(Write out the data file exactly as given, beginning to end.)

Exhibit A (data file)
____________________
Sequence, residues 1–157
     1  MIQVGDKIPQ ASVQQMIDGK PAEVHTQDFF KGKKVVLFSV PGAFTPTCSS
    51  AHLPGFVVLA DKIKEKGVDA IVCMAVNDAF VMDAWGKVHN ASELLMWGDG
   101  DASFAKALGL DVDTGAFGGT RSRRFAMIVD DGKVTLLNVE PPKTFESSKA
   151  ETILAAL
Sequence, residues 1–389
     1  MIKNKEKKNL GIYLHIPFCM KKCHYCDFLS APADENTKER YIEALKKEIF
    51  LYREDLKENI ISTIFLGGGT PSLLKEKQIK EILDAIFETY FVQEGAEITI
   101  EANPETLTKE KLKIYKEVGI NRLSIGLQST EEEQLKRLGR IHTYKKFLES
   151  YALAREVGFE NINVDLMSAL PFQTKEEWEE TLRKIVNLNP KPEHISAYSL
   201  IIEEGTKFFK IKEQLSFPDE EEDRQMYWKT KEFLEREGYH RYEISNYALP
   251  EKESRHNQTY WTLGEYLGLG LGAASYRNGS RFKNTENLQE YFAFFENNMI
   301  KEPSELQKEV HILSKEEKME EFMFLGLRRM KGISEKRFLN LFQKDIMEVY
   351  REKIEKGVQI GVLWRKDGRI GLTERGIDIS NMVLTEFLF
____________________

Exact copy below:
Sequence, residues 1–157
     1  MIQVGDKIPQ ASVQQMIDGK PAEVHTQDFF KGKKVVLFSV PGAFTPTCSS
    51  AHLPGFVVLA DKIKEKGVDA IVCMAVNDAF VMDAWGKVHN ASELLMWGDG
   101  DASFAKALGL DVDTGAFGGT RSRRFAMIVD DGKVTLLNVE PPKTFESSKA
   151  ETILAAL
Sequence, residues 1–389
     1  MIKNKEKKNL GIYLHIPFCM KKCHYCDFLS APADENTKER YIEALKKEIF
    51  LYREDLKENI ISTIFLGGGT PSLLKEKQIK EILDAIFETY FVQEGAEITI
   101  EANPETLTKE KLKIYKEVGI NRLSIGLQST EEEQLKRLGR IHTYKKFLES
   151  YALAREVGFE NINVDLMSAL PFQTKEEWEE TLRKIVNLNP KPEHISAYSL
   201  IIEEGTKFFK IKEQLSFPDE EEDRQMYWKT KEFLEREGYH RYEISNYALP
   251  EKESRHNQTY WTLGEYLGLG LGAASYRNGS RFKNTENLQE YFAFFENNMI
   301  KEPSELQKEV HILSKEEKME EFMFLGLRRM KGISEKRFLN LFQKDIMEVY
   351  REKIEKGVQI GVLWRKDGRI GLTERGIDIS NMVLTEFLF